We so often present idealized versions of ourselves to others. If we feel disappointment, envy, or anxiety, we don’t want to let on. But research shows that sharing our vulnerabilities is actually of immense value.
Consider this study: Arthur Aron, director of the Interpersonal Relationships Lab at Stony Brook University, paired students who were strangers and gave them 45 minutes to ask each other a series of questions. Half were given superficial questions (e.g., a favorite holiday or TV show), the other half’s questions gradually became deeper (e.g. the role of love in their lives, the last time they cried in front of someone else, whose death would impact them most). Afterward, Aron’s team asked the participants to rate how close they felt to their partner. Pairs from the second group formed much deeper bonds. Some started lasting friendships; some perceived their connection to their study partner as one of the strongest in their lives.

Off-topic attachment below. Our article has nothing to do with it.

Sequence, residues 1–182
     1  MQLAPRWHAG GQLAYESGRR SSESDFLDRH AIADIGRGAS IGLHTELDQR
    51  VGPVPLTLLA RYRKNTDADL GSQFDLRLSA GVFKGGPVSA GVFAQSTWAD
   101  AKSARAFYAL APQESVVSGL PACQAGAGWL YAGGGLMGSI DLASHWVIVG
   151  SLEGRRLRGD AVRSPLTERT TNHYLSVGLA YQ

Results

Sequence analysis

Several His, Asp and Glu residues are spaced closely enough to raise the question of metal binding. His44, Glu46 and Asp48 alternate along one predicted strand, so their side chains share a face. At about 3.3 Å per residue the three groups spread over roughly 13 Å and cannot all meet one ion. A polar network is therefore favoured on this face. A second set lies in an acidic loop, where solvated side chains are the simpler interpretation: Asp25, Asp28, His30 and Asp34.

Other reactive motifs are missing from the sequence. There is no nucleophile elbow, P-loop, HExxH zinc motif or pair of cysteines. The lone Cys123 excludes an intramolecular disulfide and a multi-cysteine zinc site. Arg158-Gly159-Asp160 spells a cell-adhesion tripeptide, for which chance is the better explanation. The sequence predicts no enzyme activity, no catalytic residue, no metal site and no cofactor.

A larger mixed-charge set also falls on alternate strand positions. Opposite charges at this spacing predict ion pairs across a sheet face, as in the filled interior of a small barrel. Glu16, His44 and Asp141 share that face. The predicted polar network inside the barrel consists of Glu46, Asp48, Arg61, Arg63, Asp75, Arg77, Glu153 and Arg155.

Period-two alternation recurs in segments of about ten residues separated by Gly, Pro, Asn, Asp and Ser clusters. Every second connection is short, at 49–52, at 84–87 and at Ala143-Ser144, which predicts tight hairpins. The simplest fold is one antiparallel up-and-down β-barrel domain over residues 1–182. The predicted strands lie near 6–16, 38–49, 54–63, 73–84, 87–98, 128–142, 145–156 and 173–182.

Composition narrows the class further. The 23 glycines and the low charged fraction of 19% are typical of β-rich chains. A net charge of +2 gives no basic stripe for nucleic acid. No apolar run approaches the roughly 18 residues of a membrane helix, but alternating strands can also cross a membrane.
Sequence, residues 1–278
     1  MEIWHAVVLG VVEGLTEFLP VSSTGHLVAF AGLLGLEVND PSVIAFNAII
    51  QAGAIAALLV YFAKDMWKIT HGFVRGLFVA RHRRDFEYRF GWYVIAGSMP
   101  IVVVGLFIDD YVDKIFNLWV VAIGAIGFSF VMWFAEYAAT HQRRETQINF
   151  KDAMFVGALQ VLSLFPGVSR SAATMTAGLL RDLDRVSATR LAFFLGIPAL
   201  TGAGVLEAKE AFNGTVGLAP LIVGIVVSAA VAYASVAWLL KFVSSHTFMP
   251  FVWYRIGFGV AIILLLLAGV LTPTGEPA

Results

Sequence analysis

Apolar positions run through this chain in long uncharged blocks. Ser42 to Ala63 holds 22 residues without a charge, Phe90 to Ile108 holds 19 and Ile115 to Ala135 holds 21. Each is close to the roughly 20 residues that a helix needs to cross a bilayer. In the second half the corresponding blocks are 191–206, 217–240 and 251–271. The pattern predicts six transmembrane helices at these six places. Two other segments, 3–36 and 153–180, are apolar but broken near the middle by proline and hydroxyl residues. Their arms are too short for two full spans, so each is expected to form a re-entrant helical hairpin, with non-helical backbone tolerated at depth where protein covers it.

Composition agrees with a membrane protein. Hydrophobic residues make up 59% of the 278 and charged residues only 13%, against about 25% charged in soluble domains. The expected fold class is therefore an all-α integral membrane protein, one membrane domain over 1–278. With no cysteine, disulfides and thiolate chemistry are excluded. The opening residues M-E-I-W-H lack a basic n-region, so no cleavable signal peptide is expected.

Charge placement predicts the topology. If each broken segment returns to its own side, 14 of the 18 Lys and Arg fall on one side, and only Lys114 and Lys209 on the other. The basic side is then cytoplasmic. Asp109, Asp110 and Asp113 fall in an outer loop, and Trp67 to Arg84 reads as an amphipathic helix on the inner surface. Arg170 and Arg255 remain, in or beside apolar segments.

So, contrary to what we may believe, presenting a “totally together” version of ourselves actually separates us from others. We may fear that if people find out “who we really are”, they’ll distance themselves. In fact, our authenticity and vulnerability—our sheer humanity—breaks down barriers.
Please share your experience: When has sharing vulnerability resulted in a stronger connection? Join the conversation and click "comments" on our Community of Practice Forum.